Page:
As I’m writing this, Italy has had just below 20,000 new cases a day for two days in a row. Certainly a far cry from France and Spain’s situation, but these numbers double every week or so. Restrictions are coming, and a Christmas lockdown cannot be entirely ruled out. A few politicians are already going for it, which I personally find baffling — I have long given up any religion, but I distinctly remember being taught that God is everywhere (for better or worse), so that not being able to go to church really makes no difference if you’re a true believer. But that is beyond the point. The point is that things are going to take a turn for the worse soon, as more cases in general mean more serious cases, and more serious cases mean more hospitalizations, and more hospitalizations means more people in intensive care, and more people in intensive care means that eventually someone will not find a spot, and not having enough spots means that choices will have to be made about who gets to take those available spots. Some readers will undoubtedly be thinking that I am perversely enjoying writing such things, but believe me you, I find absolutely no enjoyment in saying these things, and indeed am extremely concerned about my own family. There is nothing I wish I could do more than reboot this timeline. But I learned long ago that pretending that everything is fine when everything is actually on fire only prevents proper planning and action. It’s just how it is, and me not liking it won’t make one iota of difference.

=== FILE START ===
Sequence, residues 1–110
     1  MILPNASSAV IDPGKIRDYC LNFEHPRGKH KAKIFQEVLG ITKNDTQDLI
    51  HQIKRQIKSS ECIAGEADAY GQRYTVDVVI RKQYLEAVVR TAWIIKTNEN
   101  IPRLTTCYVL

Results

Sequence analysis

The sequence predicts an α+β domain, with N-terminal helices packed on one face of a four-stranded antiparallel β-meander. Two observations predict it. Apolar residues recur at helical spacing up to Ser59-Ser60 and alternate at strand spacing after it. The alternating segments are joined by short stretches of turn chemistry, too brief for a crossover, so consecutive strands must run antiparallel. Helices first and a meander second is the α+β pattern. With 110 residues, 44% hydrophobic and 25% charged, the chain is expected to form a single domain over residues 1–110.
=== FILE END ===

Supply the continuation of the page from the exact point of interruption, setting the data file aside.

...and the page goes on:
It would be easy to blame the young who want to meet their friends, or say that schools should have been reopened more carefully, to explain the current situation. But there’s no single cause of fault here. The simple fact is that the world has changed, and that until a vaccine comes out, things are going to be different. And that is assuming that a vaccine does come out and is effective in the long term. It’s not the first time that something comes along and changes everything for everyone. The World Wars, the fall of the Berlin Wall, 9/11 and more all come to mind. Yet those were all things that we, humans as a species, brought on. This is different, this is us that we were all collectively forced to deal with, and we don’t even know how long it will take. That’s what makes it hard to accept. (I won’t even entertain the concept of this virus being made in a lab, any more than I entertain the idea of airplanes leaving “chemtrails”: just like all pilots must eventually land, so has this virus hit everywhere.)